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These articles were excerpted from Tapestry, a weekly newsletter that examines the arts and entertainment world in Charlotte and North Carolina.

Charlotte Jewish Film Festival begins Saturday: 'This is the best of Jewish films worldwide'

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A still frame from director Patrice O’Neill’s film ‘Repairing the World,’ showing Feb. 9 at the Charlotte Jewish Film Festival.

After two years of virtual showings, the organizers of this year’s Charlotte Jewish Film Festival are returning to tradition with an opening night gala celebration Saturday for an event now entering its 19th year.

You can’t get any more celebratory – or traditional – than Neva Small performing “Matchmaker, Matchmaker” in a singalong from “Fiddler on the Roof.” Small will describe her experience starring as Chava in the 1971 movie version of “Fiddler” at the festival’s opening night on Feb. 4.

“Our opening night has really become known as a celebratory evening,” said Jeff Turk, chairman of the festival’s screening committee. “We have a film called ‘Fiddler’s Journey to the Big Screen' about the making of the film, and all that went into making the Broadway show that was so revered into a movie that would be as beloved and revered.”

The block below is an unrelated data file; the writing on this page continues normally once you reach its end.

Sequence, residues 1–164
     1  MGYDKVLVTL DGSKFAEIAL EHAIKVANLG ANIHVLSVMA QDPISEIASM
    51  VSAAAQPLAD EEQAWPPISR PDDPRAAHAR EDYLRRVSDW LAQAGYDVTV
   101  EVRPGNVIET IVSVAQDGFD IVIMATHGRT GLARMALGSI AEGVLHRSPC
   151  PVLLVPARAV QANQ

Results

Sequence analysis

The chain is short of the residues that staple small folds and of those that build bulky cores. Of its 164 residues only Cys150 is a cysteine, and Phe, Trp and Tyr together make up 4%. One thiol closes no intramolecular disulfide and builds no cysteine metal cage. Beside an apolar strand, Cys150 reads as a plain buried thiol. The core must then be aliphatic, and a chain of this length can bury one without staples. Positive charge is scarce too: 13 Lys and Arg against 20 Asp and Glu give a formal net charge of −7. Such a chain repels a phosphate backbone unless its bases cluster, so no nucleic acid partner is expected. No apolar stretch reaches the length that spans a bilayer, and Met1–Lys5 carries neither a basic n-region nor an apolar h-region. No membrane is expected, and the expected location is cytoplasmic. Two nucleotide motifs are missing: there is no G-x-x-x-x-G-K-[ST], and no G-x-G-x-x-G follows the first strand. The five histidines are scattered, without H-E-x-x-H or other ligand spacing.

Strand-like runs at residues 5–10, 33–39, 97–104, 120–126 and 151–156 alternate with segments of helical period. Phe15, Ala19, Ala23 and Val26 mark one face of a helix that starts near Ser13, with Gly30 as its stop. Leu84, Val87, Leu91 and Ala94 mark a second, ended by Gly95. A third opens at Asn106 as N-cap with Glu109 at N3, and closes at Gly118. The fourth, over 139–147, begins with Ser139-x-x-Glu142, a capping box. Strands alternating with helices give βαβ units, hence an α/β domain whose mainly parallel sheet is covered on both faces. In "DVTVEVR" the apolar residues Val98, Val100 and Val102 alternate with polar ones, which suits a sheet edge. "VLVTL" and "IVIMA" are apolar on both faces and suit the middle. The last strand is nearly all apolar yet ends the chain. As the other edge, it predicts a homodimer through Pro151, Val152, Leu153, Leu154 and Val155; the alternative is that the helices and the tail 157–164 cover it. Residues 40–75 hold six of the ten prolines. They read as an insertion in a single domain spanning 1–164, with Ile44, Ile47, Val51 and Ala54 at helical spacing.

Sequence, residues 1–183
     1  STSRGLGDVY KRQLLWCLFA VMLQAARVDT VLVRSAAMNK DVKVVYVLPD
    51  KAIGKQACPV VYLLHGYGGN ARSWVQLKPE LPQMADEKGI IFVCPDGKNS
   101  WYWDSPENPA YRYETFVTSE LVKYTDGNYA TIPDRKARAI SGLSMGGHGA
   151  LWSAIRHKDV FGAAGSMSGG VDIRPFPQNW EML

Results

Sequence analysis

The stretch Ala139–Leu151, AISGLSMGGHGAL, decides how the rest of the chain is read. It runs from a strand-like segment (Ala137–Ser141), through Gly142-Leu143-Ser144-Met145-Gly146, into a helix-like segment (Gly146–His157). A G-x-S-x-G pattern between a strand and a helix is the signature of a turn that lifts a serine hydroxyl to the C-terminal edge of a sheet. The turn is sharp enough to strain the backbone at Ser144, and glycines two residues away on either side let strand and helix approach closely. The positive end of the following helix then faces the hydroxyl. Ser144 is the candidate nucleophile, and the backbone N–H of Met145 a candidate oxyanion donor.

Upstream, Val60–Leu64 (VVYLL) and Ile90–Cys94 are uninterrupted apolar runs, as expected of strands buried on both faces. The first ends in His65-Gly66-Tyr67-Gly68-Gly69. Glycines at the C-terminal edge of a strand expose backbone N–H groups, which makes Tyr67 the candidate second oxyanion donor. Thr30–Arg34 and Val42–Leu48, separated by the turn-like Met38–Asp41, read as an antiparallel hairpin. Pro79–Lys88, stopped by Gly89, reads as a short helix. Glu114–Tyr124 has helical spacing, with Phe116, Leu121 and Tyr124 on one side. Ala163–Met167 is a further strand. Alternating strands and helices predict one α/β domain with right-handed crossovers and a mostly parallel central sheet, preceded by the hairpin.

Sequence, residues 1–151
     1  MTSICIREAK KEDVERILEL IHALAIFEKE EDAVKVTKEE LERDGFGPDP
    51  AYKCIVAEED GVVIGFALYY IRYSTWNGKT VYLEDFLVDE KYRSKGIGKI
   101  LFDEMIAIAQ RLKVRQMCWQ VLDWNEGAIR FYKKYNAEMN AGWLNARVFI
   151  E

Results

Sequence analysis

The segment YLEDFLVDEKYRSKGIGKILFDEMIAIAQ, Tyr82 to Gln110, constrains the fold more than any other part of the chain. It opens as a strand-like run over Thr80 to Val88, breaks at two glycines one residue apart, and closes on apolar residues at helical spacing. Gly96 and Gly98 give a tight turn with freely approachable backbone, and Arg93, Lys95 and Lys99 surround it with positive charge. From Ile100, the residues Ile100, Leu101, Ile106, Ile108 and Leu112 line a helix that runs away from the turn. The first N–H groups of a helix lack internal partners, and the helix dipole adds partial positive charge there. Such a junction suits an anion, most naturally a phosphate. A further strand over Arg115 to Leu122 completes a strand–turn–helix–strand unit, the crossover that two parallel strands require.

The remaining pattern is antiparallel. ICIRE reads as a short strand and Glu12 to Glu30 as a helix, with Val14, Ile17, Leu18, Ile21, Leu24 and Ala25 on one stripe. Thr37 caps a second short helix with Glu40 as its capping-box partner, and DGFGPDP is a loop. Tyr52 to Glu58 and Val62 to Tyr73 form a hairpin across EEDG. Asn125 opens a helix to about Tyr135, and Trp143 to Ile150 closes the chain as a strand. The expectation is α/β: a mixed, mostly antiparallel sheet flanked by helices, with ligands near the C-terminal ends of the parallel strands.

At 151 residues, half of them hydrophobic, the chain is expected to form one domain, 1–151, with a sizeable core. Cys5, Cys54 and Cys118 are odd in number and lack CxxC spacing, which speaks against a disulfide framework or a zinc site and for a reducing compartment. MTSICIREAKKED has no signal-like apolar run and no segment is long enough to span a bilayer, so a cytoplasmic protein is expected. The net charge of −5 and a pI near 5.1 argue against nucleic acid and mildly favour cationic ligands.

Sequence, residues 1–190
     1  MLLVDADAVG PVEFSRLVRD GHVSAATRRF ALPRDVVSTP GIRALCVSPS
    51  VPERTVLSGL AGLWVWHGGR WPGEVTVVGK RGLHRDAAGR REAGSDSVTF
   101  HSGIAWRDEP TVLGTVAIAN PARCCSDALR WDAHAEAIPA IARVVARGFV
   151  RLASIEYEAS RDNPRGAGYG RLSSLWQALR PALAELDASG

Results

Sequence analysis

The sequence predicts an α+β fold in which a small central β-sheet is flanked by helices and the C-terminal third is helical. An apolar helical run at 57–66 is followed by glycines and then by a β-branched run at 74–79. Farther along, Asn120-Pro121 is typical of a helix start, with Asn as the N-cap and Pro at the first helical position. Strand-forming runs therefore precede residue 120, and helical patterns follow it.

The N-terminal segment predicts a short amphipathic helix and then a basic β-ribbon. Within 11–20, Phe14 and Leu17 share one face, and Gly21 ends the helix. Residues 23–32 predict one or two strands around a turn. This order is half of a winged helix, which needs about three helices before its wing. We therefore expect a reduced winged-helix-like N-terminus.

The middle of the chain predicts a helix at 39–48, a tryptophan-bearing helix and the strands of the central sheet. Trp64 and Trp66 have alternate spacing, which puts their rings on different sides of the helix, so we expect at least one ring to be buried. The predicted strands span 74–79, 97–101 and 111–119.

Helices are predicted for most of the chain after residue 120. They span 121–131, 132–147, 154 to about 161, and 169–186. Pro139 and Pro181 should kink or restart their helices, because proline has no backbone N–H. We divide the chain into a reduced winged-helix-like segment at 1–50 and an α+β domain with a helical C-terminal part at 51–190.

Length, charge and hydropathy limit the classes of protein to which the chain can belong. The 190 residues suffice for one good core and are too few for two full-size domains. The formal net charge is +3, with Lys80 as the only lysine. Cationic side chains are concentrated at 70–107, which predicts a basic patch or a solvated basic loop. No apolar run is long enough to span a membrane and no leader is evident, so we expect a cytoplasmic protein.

Small was 17 when she was cast in the movie.

In addition to Small, three filmmakers will participate in the festival. Director Steven Pressman will discuss his work on “The Levys of Monticello,” which examines the Levy family’s purchase and preservation of Thomas Jefferson’s home and possessions, on Wednesday, Feb. 8.

Director Patrice O’Neill will discuss “Repairing the World” on Thursday, Feb. 9. O’Neill’s film depicts the aftermath of the deadliest antisemitic attack in U.S. history at the Tree of Life synagogue in Pittsburgh in 2018.

And in an online session from Israel, director Micah Smith will discuss “Exodus 91” at the film’s screening on Wednesday, Feb. 15. Smith’s film chronicles Israel’s airlift of the Ethiopian Jewish community in May 1991.

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Ashton Martin
Queens University News Service
Jeff Turk, chairman of the Charlotte Jewish Film Festival screening committee.

Several films in the festival deal with antisemitism, including “Exodus 91” and “Repairing the World.” There's also a Hitchcockian psychological thriller titled “The Man in the Basement,” a French film that tells the story of a Parisian architect whose new neighbor has a secret life as an antisemitic conspiracy theorist.

The month-long festival represents the work of a 14-member screening committee that reviewed film candidates every Monday night from June through October.

“I’m passionate about working with the Charlotte Jewish Film Festival and being engaged in film selections because I feel like it's a gift to the community,” Turk said. “I really am excited to share them every year. This is the best of Jewish films worldwide.”

Screenings of the 14 films in the festival take place Saturday, Feb. 4 through Sunday, Feb. 26 in venues on the 54-acre campus of Shalom Park on Providence Road. The films will be shown in the Sam Lerner Center for Cultural Arts, Temple Israel and Temple Beth El.

More information, including screening times and prices, is available here.

Tatiana Navarrete Gomez is a student in the James L. Knight School of Communication at Queens University of Charlotte, which provides the news service in support of local community news.

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